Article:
Pierre-Laurent Aimard

Pierre-Laurent Aimard - © Marco Borggreve

born on 9/9/1957 in Lyon, Rhône-Alpes, France

Pierre-Laurent Aimard

From Wikipedia, the free encyclopedia.

Pierre-Laurent Aimard (born 9 September 1957) is a French pianist.


Aimard was born in Lyon, where he entered the conservatory. Later he studied with Yvonne Loriod and with Maria Curcio.[1]

In 1973, he was awarded the chamber music prize of the Paris Conservatoire. In the same year, he won the first prize at the international Olivier Messiaen Competition. In 1977, at the invitation of Pierre Boulez, he became a founding member of the Ensemble InterContemporain. He made his American debut with the Chicago Symphony Orchestra at the age of twenty, performing the piano solo part in Olivier Messiaen's Turangalîla-Symphonie.

Aimard is particularly committed to contemporary music. He was the soloist in several premieres of works such as Répons by Pierre Boulez, Klavierstück XIV by Karlheinz Stockhausen, and the eleventh and thirteenth piano études of György Ligeti. One of his most notable recordings is that of the first two books of Ligeti's piano études. He has also performed the work of contemporary composers such as George Benjamin and Marco Stroppa. In May 2012, he premiered Tristan Murail's piano concerto Le Désenchantement du Monde.

Aimard was one of Carnegie Hall's "Perspectives" artists for the 2006-2007 concert season, where he programmed his own series of concerts.[2][3][4] He served as artist-in-residence with the Cleveland Orchestra for two seasons, from 2007 to 2009. In 2007 Aimard was the Music Director of the Ojai Music Festival.

In addition to his work with contemporary music, Aimard has recorded the five Beethoven piano concertos with Nikolaus Harnoncourt and the Chamber Orchestra of Europe,[5] at the invitation of Harnoncourt. Aimard has recorded for the Sony Classical and Teldec labels. In August 2007, he signed a new recording contract with Deutsche Grammophon.[6]

Aimard has recently extended his musical activities to conducting,[7] although he characterized his interest and gift for conducting as follows:

To be clear: I am not a conductor, and I will never be one. This is not my way of life, and I have nothing to do with that, and have no talent for that. But if you want me to give a definition to what I do, I wouldn't say I'm a pianist - I'm a musician, and the piano happens to be my instrument. I don't like to have one function, to give me just one perspective on music. I like to make chamber music, to be part of a group, to play song accompaniments, to teach, to speak about music. In other words, to live the phenomenon on different sides.[8]

In 2009, Aimard became the Artistic Director of the Aldeburgh Festival in England, for an initial contract of 3 years. Aimard is a visiting professor and an Honorary Member (2006) of the Royal Academy of Music.[9] He appears in the 2007 film Note by Note: The Making of Steinway L1037.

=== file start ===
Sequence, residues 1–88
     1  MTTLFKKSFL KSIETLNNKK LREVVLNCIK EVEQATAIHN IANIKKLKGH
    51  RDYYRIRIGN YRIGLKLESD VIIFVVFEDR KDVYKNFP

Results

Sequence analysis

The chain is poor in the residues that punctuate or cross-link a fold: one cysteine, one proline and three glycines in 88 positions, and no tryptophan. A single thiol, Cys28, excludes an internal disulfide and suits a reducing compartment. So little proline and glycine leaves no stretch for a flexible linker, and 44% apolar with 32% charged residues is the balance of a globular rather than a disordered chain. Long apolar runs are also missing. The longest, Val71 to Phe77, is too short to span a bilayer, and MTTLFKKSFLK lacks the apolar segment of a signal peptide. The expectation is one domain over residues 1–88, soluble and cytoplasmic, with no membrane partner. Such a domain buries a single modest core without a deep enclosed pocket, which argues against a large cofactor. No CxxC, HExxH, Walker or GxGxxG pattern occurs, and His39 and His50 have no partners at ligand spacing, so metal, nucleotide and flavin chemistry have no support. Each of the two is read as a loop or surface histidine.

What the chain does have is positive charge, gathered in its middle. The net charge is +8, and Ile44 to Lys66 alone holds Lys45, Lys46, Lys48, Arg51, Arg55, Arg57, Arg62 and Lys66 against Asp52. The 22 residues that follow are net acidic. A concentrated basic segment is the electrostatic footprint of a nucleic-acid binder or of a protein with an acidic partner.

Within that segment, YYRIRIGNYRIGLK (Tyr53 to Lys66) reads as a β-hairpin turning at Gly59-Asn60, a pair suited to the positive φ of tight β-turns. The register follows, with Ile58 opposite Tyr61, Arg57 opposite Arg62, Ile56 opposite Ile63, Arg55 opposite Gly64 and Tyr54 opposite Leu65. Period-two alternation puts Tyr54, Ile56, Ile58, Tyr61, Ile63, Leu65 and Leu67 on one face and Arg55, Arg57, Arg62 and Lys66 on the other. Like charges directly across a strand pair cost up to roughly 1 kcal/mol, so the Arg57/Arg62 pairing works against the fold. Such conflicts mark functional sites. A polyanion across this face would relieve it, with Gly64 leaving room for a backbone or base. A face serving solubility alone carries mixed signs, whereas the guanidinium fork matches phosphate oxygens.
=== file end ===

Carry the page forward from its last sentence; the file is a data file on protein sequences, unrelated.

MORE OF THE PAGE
Aimard was featured recording Bach's The Art of Fugue in the 2009 award-winning German-Austrian documentary Pianomania, about Steinway & Sons' piano technician Stefan Knüpfer, which was directed by Lilian Franck and Robert Cibis. The film premiered theatrically in North America, where it was met with positive reviews by The New York Times,[10] as well as in Asia and throughout Europe, and is a part of the Goethe-Institut catalogue.

In 2017 Aimard signed with the PENTATONE label.[11] Under this collaberation Aimard intends to record key works from his repertoire, spanning three centuries and ranging from Bach to Kurtág, beginning with his first ever recording of Messiaen's Catalogue d'Oiseaux.

Selected discography

  • African Rhythms - compositions by György Ligeti and Steve Reich, with songs of Aka Pygmies. Teldex Studio 2003[12]
  • Messiaen - Catalogue d'oiseaux. PENTATONE PTC 5186670 (2018).


  1. ^ Niel Immelman (2009-04-14). "Obituary: Maria Curcio". The Guardian. London. Retrieved 2009-10-03. 
  2. ^ Allan Kozinn (2006-12-13). "Night of Études: Debussy, Chopin and (Surprise!) Elliott Carter". New York Times. Retrieved 2007-08-27. 
  3. ^ Anthony Tommasini (2007-03-31). "Taking Stock: Where a Composing Prodigy Is Now, and How He Got There". New York Times. Retrieved 2007-08-27. 
  4. ^ Anthony Tommasini (2007-04-03). "Pianistic Postcards Spanning Centuries". New York Times. Retrieved 2007-08-27. 
  5. ^ Andrew Clements (2003-02-28). "Beethoven: Piano Concertos Nos 1 -5: Aimard/Chamber Orchestra of Europe/Harnoncourt". The Guardian. London. Retrieved 2007-08-27. 
  6. ^ Matthew Westphal (2007-08-23). "Deutsche Grammophon Signs Pierre-Laurent Aimard". Playbill Arts. Retrieved 2007-08-27. 
  7. ^ Tim Ashley (2007-08-27). "Mahler Chamber Orchestra/Aimard (review of Prom 54)". The Guardian. London. Retrieved 2007-08-27. 
  8. ^ Tom Service (2007-08-17). "To a beat of his own". The Guardian. London. Retrieved 2007-08-27. 
  9. ^ "Honorary Members of the Royal Academy of Music (Oct.14, 2009)". Royal Academy of Music. 14 October 2009. Retrieved 14 October 2009. 
  10. ^ Dargis, Manohla (2011-11-03). "'Pianomania' by Lilian Franck and Robert Cibis - Review". The New York Times. 
  11. ^ "PIERRE-LAURENT AIMARD SIGNS TO PENTATONE". pentatonemusic. Retrieved 2017-11-21. 
  12. ^ African Rhythms - Pierre-Laurent Aimard, Aka Pygmies at AllMusic

External links

  • Official website
  • (German) official website at Universal Music
  • (German) education projects on temporary piano music with Pierre-Laurent Aimard
  • Royal Academy of Music page on Pierre-Laurent Aimard
  • Interview with Pierre-Laurent Aimard, May 4, 1998
This page was last modified 29.07.2018 21:10:12

This article uses material from the article Pierre-Laurent Aimard from the free encyclopedia Wikipedia and it is licensed under the GNU Free Documentation License.